It’s tablet war! Can Google’s Nexus 7 or Asus’s Transformer Pad Infinity rival Apple’s iPad? And more consumer technology to goggle at...
Asus Transformer Pad Infinity
The "world's first full-HD Android tablet" and one that smartly continues the tablet/laptop Asus Transformer brand. The Infinity comes with a detachable Mobile Dock cover/keyboard accessory, which boosts battery-life to 14 hours (compared to 9.5 used just as a touchscreen tablet). Inside, there's 1.6GHz quad-core processing, 1,920 x 1,200 full-HD screen and dual cameras with 8MP rear with LED flash and full-HD video capture. The catch? That high-end price puts the Wi-Fi-only Infinity above the cost of even a 3G Retina Display new iPad and a standard keyboard case.
Logitech G600 MMO Gaming Mouse
Bristling with as many buttons as you have fingers and toes, the G600 features 20 ways to click. The idea being that customisable macro-setting software makes it easier to play massively multi-player online games (or, for that matter, do any complex but repetitive task that normally sees you having to shift your mouse hand onto the keyboard at inopportune moments). Three primary buttons are backed with a tilt-click scrollwheel, 12 thumb light-up buttons, a shift button to double up button configurations and 1 millisecond report rate. And there's the ability to shift DPI on the fly for precision targeting or speed of movement.
It's a 12-item multitool with a twist - three of tools turn the Steady into a mini-tripod ideal for snapping pictures from a compact camera or smartphone. Fold out the two legs and use the rest of the body as a tripod and you can screw a compact camera into the standard thread mount (the end result is too small for a dSLR), or lean a smartphone against the rubberised suction cup for steady shots even in the most outdoorsy photographic conditions. On top of that, the Steady features the usual array of pliers, wire cutters, blades, screwdrivers and a bottle opener. It's fairly sturdy too.
Google Nexus 7
The first really serious rival to Apple's iPad? The Google Nexus 7 (made by Asus) manages a double-whammy of power at an amazing price point. The 8GB model costs a mere £159 (16GB £199), but features 7in 1,280 x 800 HD Corning glass touchscreen, 9+ hour battery life and nVidia Tegra 3 quad-core processing. Plus the latest (currently 4.1) Android OS with all of Google's goodies built-in (the tablet is "made for Google Play" multimedia performance). While Android remains sparser in terms of design than iOS, the app count and variety, plus customisability, means this really is the cut-price, mainstream rival to iPad.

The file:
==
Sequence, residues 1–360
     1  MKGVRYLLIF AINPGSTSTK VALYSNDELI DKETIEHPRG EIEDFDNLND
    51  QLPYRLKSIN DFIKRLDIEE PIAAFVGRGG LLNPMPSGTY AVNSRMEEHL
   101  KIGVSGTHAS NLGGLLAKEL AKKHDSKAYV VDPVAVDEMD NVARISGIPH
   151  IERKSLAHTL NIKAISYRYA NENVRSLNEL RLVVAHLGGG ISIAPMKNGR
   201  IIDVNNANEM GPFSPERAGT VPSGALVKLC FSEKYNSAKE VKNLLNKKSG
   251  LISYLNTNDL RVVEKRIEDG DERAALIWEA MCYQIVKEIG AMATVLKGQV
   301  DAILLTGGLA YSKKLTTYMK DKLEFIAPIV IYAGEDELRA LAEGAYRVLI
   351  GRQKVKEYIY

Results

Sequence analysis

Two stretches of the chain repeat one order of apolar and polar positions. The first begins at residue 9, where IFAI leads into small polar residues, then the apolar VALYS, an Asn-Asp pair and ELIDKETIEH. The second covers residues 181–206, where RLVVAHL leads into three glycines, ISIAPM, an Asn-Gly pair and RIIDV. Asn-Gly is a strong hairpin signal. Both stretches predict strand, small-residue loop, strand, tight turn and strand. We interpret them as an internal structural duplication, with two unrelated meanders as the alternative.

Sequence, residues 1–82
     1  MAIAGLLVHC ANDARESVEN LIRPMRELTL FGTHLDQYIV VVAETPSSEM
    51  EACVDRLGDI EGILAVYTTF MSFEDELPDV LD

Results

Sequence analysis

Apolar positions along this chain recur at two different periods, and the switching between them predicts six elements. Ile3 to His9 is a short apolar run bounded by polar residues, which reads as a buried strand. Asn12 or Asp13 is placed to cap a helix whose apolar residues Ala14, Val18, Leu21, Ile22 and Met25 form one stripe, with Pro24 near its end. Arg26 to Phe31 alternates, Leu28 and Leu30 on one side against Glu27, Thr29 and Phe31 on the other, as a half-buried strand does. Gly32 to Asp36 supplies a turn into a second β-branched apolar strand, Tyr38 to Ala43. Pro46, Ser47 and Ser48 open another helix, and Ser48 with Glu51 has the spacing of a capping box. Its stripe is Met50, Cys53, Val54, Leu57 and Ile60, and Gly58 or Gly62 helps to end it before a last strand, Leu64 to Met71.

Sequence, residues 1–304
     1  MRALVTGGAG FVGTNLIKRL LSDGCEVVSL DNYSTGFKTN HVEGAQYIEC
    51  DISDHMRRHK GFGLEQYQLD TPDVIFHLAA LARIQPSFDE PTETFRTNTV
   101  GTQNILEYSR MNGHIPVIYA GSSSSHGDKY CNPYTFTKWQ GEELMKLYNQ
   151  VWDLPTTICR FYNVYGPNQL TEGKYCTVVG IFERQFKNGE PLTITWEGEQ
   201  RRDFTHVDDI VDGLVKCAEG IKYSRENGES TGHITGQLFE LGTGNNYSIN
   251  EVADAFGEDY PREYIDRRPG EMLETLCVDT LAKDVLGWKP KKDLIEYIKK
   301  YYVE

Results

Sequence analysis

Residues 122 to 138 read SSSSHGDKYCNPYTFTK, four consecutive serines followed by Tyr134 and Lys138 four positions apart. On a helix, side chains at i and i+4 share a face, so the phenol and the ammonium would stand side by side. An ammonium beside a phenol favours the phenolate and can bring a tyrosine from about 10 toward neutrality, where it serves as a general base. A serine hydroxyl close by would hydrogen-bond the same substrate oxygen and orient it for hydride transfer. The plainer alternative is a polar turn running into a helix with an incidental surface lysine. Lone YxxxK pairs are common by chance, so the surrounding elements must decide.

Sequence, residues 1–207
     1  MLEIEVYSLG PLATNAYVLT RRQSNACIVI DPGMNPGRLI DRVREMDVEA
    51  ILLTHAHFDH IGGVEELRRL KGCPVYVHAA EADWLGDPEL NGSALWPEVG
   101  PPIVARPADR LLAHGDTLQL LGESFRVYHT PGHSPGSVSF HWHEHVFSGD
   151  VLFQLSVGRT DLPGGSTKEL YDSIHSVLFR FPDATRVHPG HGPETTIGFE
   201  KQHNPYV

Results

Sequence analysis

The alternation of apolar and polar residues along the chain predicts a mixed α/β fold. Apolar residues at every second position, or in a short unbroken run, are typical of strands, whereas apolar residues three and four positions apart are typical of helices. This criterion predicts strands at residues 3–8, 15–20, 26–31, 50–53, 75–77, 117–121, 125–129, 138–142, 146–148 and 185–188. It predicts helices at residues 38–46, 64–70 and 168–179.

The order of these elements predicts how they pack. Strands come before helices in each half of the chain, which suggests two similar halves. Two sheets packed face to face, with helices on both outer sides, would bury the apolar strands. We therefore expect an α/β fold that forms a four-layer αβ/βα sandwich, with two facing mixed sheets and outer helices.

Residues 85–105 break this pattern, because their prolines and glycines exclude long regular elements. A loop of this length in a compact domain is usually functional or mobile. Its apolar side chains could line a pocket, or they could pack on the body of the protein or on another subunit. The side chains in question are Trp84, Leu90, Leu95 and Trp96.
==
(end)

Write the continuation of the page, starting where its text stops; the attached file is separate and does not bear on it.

Canon EOS M
from £769 (with lens)
Canon's first ever compact system (interchangeable lenses) camera - the EOS M is an attempt to squeeze no-compromise digital SLR quality into a much smaller, simpler space. That means 18MP sensor (that's identical to the one in its 650D), 100-12,800 ISO (extendable to 25,600) and full-HD video. It also means retained Aperture, Shutter and Manual modes, but also lots of automatic modes and no viewfinder (there's a 3in touchscreen instead). And, of course, there's interchangeable lenses and an adaptor to use existing Canon lenses too (although this does add bulk to a camera whose purpose is to remain tiny).
Humax DTR-1000 YouView Smart 500GB
Freeview takes the next step in battling rival PVRs from Sky and Virgin. YouView is a technology created by an alliance of broadcasters to bring video-on-demand services to Freeview PVRs. All of that jargon means now you can not just schedule recordings of TV to the hard drive, but also use "catch-up" services via your broadband connection, including BBC's iPlayer, ITV Player, 4oD and Demand 5, all on the same device. And that's up to full-HD resolution (if the service, channel or programme supports it). Whether the up-front cost remains too high to stop the drift to monthly subscription TV remains to be seen, however.